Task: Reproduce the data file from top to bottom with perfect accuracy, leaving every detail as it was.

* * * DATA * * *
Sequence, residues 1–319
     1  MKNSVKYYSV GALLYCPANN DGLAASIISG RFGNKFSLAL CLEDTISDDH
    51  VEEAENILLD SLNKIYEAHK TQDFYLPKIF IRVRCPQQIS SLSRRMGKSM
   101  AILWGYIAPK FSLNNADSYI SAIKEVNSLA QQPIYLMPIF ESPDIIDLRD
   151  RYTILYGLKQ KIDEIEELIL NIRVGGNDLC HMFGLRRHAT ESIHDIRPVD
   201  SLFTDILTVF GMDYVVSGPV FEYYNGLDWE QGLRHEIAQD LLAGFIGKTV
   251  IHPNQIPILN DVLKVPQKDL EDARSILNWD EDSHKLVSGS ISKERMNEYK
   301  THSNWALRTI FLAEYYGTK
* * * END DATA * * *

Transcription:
Sequence, residues 1–319
     1  MKNSVKYYSV GALLYCPANN DGLAASIISG RFGNKFSLAL CLEDTISDDH
    51  VEEAENILLD SLNKIYEAHK TQDFYLPKIF IRVRCPQQIS SLSRRMGKSM
   101  AILWGYIAPK FSLNNADSYI SAIKEVNSLA QQPIYLMPIF ESPDIIDLRD
   151  RYTILYGLKQ KIDEIEELIL NIRVGGNDLC HMFGLRRHAT ESIHDIRPVD
   201  SLFTDILTVF GMDYVVSGPV FEYYNGLDWE QGLRHEIAQD LLAGFIGKTV
   251  IHPNQIPILN DVLKVPQKDL EDARSILNWD EDSHKLVSGS ISKERMNEYK
   301  THSNWALRTI FLAEYYGTK